“You need to tell Iraqis that by calling for a surge in troops you’re giving them one last chance to reconcile, otherwise we’re gone by Dec. 1. And you need to tell Americans that you’re creating a $45-a-barrel floor price for imported oil, so investors can safely finance alternatives without worrying that they’ll be undercut by OPEC.”
Friedman, Thomas L. 2007. “Make Them Fight All of Us.” The New York Times. January 12: A21.
“Every 10 years we say to ourselves, ‘If only we had done the right thing 10 years ago.'”
Umm, yeah, although one must wonder whether Friedman has achieved the level of self-awareness to be capable of this level of critical introspection.
Friedman, Thomas L. 2007. “The First Energy President.” The New York Times. January 5: A17.
“As I’ve written before, our real choices in Iraq are 10 months or 10 years. Either we commit the resources to entirely rebuild the place over a decade, for which there is little support, or we tell everyone that we will be out within 10 months, or sooner, and we’ll deal with the consequences from afar. We need to start the timer — today, now.”
Friedman, Thomas L. 2006. “Set a Date and Buy Some Leverage.” The New York Times. December 8: A35.
“The Iraq war has turned into a sucking chest wound for our country — infecting its unity at home and its standing abroad. No one can predict what Iraq will look like 10 years from now. I wish it well. But in the near term, it is clear, nothing that we’ll feel particularly proud of, nothing that we’ll feel justifies the vast expenditure of lives and treasure, is going to come out of Iraq.”
Twenty Friedman units later, this seems to be correct.
Friedman, Thomas L. 2006. “Tolerable or Awful: The Roads Left in Iraq.” The New York Times. November 8: A23.
The point of the column 20 Friedman units ago is that the driver who picked up Thomas L. Friedman at the airport in Paris was on the phone the whole time and didn’t talk to him. Not only is technology flattening the world, but it is tearing us apart, even as it makes life more difficult for overrated columnists for the New York Times.
“It’s a pity. He was a young, French-speaking African, who probably had a lot to tell me. When I related all this to my friend Alain Frachon, an editor at Le Monde, he quipped: ‘I guess the era of foreign correspondents quoting taxi drivers is over. The taxi driver is now too busy to give you a quote!’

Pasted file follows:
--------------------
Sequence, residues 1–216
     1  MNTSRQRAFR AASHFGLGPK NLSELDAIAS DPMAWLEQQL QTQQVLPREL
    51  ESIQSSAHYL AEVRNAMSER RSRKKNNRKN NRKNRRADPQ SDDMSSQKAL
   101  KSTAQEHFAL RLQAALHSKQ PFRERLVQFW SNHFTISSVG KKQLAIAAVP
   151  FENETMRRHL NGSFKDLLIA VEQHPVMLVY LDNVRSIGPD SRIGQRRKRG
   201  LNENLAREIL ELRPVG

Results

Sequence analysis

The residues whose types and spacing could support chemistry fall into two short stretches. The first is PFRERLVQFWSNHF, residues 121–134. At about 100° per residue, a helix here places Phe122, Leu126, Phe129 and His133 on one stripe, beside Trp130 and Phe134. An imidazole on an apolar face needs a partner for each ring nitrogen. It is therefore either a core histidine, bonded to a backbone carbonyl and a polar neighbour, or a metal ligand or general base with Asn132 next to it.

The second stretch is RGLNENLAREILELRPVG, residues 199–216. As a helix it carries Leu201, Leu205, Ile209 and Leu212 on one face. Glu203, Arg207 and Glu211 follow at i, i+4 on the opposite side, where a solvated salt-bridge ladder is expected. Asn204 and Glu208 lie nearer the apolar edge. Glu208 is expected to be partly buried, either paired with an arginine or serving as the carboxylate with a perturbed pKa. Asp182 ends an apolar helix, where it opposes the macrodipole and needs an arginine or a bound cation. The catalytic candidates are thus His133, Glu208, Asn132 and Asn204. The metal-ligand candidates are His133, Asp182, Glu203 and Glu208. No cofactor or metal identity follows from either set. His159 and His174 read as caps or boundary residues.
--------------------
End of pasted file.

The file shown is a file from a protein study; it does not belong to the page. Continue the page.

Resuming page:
“Alain is right. You know the old story, ‘As my Parisian taxi driver said to me about the French elections.’ Well, you can forget about reading columns starting that way anymore. My driver was too busy to say hello, let alone opine on politics.”
Friedman, Thomas L. 2006. “The Taxi Driver.” The New York Times. November 1: A23.
“This post-post-cold-war era will be defined by three new features — if things continue as they are. First is a nuclear Asia, triggered by North Korea’s flaunting of its nuclear weapons. How long will Japan, Taiwan and South Korea remain nonnuclear with Kim Jong-il brandishing his bomb? Second is a nuclear Middle East. Iran is almost certain to follow North Korea’s lead, and once the Shiite Persians in Iran have the bomb, how long will it be before the Sunni Arabs in Saudi Arabia, Egypt, even Syria have one too? Third is a disintegrating Iraq in the heart of the Arab world, with its destabilizing impact on oil prices and terrorism.”
Not that the North Korean nuclear program is insignificant. Friedman is actually onto something there. However, he then goes on to predict a proliferation cascade that will envelope six or seven more states. Twenty Friedman units later, exactly zero of those states have produced a nuclear weapon.
Friedman, Thomas L. 2006. “The Bus Is Waiting.” The New York Times. October 11: A27.